Formats available: paperback, ebook
Published by Rocky Ridge Books on October 9th, 2015
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Lon Ewing snowboarded in and turned economist Corey Levigne’s life upside down, introducing him to a world he didn’t know existed. Corey’s still adjusting to a boyfriend who shifts into an otter and raids the koi pond—and now Lon says Corey’s department chair is a werewolf?
Wolves at the university, wolves in the bank—across Lon’s desk sits Professor Melvin Vadas and his hench-wolves, demanding a construction loan for the pack’s new lodge in the mountains. There’s just one little problem: the proposed building site is home to a breeding population of rare fish.
What do wolves care for stupid human rules, an otter who’d barely make a good snack, or one pesky human determined to protect the environment? Once they’re snout to snout with Corey and Lon, there’s more than silverscale dace on the Endangered Species List.
Includes Tail Slide, the short story that launched Otter Chaos.
Fresh powder snow and running water in the Colorado back country call Lon like the moon calls the wolves. Belly-sliding to a good time on the weekends makes up for a workweek at a desk, and meeting Corey adds a whole new level of fun to snowboarding.
It’s easy to slip away for time alone in the woods without raising suspicion, but how’s Lon to entertain himself when bad snow and a worse spill force them off the mountain too early?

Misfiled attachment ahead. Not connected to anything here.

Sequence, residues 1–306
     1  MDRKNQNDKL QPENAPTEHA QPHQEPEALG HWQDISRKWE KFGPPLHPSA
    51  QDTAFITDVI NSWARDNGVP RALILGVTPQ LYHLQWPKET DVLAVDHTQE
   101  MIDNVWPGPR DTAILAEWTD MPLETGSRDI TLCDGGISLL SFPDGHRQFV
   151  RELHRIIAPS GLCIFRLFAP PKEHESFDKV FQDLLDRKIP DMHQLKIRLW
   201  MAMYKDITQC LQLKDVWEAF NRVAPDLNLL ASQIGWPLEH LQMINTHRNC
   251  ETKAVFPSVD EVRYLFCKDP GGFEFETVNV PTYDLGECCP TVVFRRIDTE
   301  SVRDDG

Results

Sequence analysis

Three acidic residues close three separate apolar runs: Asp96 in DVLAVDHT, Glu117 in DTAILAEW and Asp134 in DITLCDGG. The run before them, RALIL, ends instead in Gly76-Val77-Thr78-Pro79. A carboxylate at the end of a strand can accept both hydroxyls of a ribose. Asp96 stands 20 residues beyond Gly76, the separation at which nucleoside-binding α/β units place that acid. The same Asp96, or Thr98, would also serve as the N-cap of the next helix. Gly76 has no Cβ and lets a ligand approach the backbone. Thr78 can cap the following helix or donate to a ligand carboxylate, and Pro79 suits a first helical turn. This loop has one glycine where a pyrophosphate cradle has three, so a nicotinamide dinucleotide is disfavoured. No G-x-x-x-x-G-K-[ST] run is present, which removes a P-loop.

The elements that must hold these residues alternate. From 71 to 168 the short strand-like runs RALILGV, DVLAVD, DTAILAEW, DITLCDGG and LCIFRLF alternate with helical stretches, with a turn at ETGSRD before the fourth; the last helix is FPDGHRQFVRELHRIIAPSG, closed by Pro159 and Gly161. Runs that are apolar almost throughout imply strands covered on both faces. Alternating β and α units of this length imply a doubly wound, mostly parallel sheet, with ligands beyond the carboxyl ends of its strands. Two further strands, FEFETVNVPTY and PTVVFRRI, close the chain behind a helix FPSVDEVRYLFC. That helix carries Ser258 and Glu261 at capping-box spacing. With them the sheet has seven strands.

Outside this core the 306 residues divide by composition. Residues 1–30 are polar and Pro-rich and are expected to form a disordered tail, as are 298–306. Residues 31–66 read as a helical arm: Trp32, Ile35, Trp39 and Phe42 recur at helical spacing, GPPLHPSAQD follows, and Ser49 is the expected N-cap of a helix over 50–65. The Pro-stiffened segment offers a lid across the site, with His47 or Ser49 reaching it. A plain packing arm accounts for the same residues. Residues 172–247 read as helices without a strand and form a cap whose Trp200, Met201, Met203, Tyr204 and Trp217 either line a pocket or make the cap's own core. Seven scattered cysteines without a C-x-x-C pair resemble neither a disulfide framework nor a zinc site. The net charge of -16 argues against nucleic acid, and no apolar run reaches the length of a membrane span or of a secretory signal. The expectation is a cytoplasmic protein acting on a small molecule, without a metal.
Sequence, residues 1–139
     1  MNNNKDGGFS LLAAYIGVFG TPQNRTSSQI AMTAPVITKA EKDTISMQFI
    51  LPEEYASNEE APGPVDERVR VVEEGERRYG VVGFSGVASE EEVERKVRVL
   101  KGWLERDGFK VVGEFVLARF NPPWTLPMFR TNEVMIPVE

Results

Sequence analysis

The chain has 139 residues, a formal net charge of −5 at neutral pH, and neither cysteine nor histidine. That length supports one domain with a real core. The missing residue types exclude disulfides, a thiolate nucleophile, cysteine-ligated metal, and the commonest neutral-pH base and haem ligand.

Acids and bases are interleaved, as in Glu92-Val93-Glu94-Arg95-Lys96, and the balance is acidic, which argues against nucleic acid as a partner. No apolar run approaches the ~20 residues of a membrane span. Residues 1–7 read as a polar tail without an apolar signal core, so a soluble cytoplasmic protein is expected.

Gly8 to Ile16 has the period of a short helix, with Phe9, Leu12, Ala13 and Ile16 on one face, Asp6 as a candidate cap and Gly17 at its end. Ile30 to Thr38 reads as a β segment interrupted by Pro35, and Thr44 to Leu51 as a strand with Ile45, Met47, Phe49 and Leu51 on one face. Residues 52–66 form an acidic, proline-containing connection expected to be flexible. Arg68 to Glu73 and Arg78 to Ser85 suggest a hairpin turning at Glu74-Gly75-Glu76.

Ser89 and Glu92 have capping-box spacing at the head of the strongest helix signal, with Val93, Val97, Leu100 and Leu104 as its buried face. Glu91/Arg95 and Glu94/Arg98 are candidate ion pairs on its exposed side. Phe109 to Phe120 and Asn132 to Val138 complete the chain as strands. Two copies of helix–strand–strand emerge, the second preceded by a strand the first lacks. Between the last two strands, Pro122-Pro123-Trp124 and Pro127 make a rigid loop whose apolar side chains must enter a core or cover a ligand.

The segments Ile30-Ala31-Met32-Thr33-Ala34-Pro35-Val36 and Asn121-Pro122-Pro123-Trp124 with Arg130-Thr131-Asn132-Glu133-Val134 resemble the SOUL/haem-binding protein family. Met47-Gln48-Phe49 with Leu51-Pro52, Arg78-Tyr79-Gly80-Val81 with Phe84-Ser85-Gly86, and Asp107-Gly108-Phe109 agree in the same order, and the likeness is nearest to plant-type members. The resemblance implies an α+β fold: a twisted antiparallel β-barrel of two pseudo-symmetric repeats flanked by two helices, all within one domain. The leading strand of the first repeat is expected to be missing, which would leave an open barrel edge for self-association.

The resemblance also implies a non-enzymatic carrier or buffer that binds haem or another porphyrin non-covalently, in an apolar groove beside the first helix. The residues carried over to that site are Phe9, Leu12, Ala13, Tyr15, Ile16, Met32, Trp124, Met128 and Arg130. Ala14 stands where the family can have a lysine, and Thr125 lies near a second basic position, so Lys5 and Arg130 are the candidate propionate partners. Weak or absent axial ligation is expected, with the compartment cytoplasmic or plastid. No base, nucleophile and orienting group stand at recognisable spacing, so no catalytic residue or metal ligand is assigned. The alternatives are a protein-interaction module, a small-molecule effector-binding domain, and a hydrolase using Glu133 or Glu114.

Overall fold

Never give an otter a box of Cheerios.
What would you do if you found out your boyfriend was an otter?
Not all the time. But what if you discovered that your new love had to “put on his fur” for at least an hour every week and quite literally turn into an otter? How freaked would you be?
Now, let’s make life even more confusing. Say that you are a relatively freshly-minted Ph.D. on the tenure track at your college. And your new otter-boyfriend lets you know that your department chair, the man who will decide whether or not you get tenure and remain gainfully employed, is a werewolf?
It should be time for a complete freak out. But Corey takes things mostly in stride, unless Lon comes back in the house with raw koi on his formerly otter-breath. And even that is mostly because the koi he just ate is from the koi pond in their backyard, that they spent hours digging out. And koi seem to cost $1 per inch.
It looks like catching your own sushi is more expensive than anyone thought!
The short story Tail Slide, included with Otter Chaos, tells the story of Corey and Lon’s first meeting and the beginning of their relationship. Including the moment when things almost go completely off the rails, when Lon puts his fur on in the shower, and Corey discovers that the otter-version of his lover thinks that Cheerios are the BEST TOY EVER!
Tail Slide is adorably cute (so is Lon) and it does a good job of setting up the much more serious situation in Otter Chaos.
It’s not just that Corey’s department chair is a werewolf, but also that he is the leader of a pack of werewolves that plans to build a werewolf sanctuary out in the middle of an endangered species habitat. Werewolves are apex predators, and they are all-too-used to getting what they want just because they want it. Those werewolves expect to get a loan from the bank to build their sanctuary, but Lon is their loan officer, and he stands in their way.